We've been following California's fiscal crisis here at TAPPED for a while now, and one policy option frequently discussed is, ugh, a bailout. ("Rescue! Rescue!" come the e-mails from the press flacks). There is a case for it, of course: California is a huge part of the U.S. economy, contains 1 in 8 Americans, and is currently facing a $24 billion deficit that will lead to a lot of budget cuts in the face of a recession, exactly when we don't need such cuts . . .Isn't this exactly when we do need such cuts? California has been mismanaged in a huge way. Basic math dictates that it either generate more revenue or make spending cuts. Californians are already among the highest taxed in the nation, and they just deafeningly rejected propositions to raise taxes further. So what's left? You do the math.
Now it appears that the Obama administration has turned down early requests for federal aid, suggesting that California needs to deal with its problems itself. Indeed, California could reform its crazy budgeting system, property tax regime and referendums-gone-wild, but that's hard work for a semi-dysfunctional political system. The administration is rightly worried about yet another costly bailout, and the precedent setting that might lead other states to come looking for help, but with a July 1st deadline it's hard to imagine $24 billion being cut away from the state's budget without seriously damaging California's -- and the country's -- economy. California officials will be coming back to Washington again, hat in hand. Then the question becomes: Is California too big to fail?I'm glad Obama has, so far, refused to offer assistance. There ought to be consequences for adopting a "crazy budgeting system," "referendums-gone-wild," and a "semi-dysfunctional political system." These problems aren't new. Californians have made poor choices for well over a decade. Finding themselves heading toward a cliff, they've elected (pun intended) to accelerate toward it rather than applying the breaks or reversing course. Putting the rest of the nation on the hook for billions of dollars isn't going to correct the underlying issues. It would simply delay the day of reckoning, reward irresponsible behavior, and deny Californians the reality check that leads to wiser stewardship.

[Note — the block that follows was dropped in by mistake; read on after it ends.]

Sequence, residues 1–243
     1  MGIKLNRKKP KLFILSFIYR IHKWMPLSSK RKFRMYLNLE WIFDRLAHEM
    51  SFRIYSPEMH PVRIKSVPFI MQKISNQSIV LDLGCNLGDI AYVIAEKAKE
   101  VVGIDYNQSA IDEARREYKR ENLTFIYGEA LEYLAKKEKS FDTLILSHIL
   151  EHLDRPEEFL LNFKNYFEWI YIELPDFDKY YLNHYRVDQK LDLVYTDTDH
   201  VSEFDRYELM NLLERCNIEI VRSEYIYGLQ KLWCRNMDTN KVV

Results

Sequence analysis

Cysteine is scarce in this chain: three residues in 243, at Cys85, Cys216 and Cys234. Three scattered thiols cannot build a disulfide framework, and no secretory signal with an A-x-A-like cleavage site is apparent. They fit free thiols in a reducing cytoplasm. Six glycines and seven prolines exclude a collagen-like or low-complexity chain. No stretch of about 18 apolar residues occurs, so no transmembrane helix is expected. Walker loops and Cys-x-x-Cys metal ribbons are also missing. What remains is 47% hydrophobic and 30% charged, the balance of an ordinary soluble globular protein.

Unfortunately, Obama's already bought into the "too big to fail" mentality in a big way. If Chrysler and GM are "too big to fail," there can be no question that California is "way to big to fail." Obama's given no indication that he's learned anything from his auto industry takeover. Simple logic, then, dictates that he must also "save" California.
And maybe that will be our saving grace. For as bright as Obama is purported to be, it would be a stretch to say that logic has, so far, been a hallmark of his administration.
I'm pessimistic. My guess is that Obama will offer California some type of "bailout lite." He's a liberal, after all, and therefore needs to have the government do something with other people's money. But he'll have to tone it down, since a full-on bailout would be politically unpopular.